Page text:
Closure of Brighton nursery shelved for now

Posted On 01 Feb 2023 at 9:36 pm

The council has shelved a proposal to close a Brighton nursery just days before a protest and rally that has been planned by parents, staff and supporters.

Bright Start nursery has been given a reprieve as members of Brighton and Hove City Council prepare to set a budget for the 2023-24 financial year.

But the reprieve may turn out to be temporary until the current cohort of children are ready to start primary school.

The nursery, at the Old Slipper Baths, in Barrack Yard, North Road, was listed for closure to save £104,000 in Brighton and Hove City Council’s draft budget published in December.

But in budget papers published this evening (Wednesday 1 February), the £104,000 figure has been omitted.

More than 1,600 people signed a petition on the website aimed at saving the nursery which yards from the Prince Regent swimming pool in Brighton.

And those campaigning to keep the nursery open have planned a protest for next weekend. They said: “Join us with your children for a march against cuts to our kids. Please meet in the square to the south of St Peter’s Church at 1.45pm on Saturday 4 February.”

They plan to set off on the march at 2pm, heading through the North Laine and The Lanes and ending at Brighton Town Hall.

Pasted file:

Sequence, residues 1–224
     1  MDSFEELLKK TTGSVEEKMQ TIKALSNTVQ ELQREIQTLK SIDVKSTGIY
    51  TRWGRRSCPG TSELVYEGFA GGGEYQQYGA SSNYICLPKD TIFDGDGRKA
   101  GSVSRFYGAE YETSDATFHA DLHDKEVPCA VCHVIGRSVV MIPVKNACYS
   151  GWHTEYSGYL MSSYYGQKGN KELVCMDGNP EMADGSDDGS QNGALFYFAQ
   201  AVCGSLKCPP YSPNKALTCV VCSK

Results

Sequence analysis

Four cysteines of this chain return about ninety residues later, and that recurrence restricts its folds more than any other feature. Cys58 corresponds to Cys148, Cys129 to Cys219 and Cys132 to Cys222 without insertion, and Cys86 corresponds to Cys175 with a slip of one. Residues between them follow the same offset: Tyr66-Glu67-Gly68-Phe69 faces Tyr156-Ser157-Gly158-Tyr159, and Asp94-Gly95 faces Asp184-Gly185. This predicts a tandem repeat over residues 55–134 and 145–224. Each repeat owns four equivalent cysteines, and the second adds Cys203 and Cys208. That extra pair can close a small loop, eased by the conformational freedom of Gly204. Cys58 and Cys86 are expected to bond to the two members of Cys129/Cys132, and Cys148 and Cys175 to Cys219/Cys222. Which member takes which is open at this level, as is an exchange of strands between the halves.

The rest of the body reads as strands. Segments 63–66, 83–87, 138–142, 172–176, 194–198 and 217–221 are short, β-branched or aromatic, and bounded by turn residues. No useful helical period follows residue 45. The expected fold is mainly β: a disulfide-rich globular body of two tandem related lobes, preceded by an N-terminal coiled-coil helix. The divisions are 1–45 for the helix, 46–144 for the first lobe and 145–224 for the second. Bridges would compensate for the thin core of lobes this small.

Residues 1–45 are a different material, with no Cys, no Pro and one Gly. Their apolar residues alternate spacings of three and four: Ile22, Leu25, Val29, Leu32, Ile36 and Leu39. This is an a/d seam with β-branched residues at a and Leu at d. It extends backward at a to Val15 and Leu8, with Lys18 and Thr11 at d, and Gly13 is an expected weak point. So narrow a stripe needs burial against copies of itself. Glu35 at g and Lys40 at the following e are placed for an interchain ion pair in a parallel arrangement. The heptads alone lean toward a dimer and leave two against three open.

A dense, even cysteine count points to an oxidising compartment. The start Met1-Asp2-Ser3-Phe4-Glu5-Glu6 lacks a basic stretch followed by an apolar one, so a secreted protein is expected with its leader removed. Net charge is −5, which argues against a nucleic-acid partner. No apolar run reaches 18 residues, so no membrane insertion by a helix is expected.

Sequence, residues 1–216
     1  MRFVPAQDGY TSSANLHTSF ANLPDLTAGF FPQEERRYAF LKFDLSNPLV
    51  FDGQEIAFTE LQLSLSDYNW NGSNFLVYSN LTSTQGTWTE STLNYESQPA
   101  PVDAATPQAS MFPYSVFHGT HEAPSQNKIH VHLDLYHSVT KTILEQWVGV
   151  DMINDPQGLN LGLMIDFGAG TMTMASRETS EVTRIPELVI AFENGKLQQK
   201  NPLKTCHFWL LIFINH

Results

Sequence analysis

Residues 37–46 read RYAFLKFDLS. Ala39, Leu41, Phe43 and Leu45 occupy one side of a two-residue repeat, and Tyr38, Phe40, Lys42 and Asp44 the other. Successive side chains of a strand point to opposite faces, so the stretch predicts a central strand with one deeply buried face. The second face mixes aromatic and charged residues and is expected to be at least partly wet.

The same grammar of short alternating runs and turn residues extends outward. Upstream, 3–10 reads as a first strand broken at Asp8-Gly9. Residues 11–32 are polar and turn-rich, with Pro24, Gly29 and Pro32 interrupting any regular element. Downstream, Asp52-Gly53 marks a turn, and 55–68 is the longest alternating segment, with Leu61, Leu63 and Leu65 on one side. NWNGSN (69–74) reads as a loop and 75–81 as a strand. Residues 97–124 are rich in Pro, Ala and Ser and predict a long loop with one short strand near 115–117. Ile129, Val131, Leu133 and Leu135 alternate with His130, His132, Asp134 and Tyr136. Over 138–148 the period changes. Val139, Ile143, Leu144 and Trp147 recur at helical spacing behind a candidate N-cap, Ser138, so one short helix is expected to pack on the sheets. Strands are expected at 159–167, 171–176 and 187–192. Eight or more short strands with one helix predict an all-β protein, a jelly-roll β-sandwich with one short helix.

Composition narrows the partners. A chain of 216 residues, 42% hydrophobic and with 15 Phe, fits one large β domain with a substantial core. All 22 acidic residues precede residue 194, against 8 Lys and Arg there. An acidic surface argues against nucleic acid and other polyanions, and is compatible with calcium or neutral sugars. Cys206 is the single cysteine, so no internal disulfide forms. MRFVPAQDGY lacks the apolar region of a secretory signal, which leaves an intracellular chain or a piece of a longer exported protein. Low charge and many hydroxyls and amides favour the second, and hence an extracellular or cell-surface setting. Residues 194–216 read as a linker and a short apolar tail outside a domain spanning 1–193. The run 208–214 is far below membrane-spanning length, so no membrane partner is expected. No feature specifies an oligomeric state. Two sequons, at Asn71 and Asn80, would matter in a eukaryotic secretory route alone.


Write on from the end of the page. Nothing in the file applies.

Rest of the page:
According to the council’s budget report in December, the nursery building required “significant” work – potentially costing more than £500,000 – and there were 42 other nurseries within two miles.

Bright Start has places for 50 children from three months to four years old and employs 15 staff. The education watchdog Ofsted rated the nursery good with outstanding features just before Christmas.

At a meeting a few weeks earlier, Green councillor Hannah Allbrooke, the deputy leader of the council, said that she did not stand for election to make the “awful decisions” that the council faced.

She said: “My vision is rather than closing nurseries, we keep them open and we keep them flourishing.”

One of the protests held outside Hove Town Hall over the past few months about the proposed closure of Bright Start

In the new year, parents of children at Bright Start sent a memo to councillors casting doubt on the way that building works had been costed.

The memo also said that the nearest comparable premises would cost almost £60 a week more yet a quarter of the Bright Start families were in the poorest 10 per cent of the country’s population.

They said that parents of children with SEND had been turned away by other nurseries, adding: “Numerous ‘early years’ settings have closed, reduced services or drastically increased prices – severely limiting the options for the most vulnerable families.”

And if Bright Start were to be closed, they said, the council could end up having to provide other support for the families affected, in effect making it a false economy.

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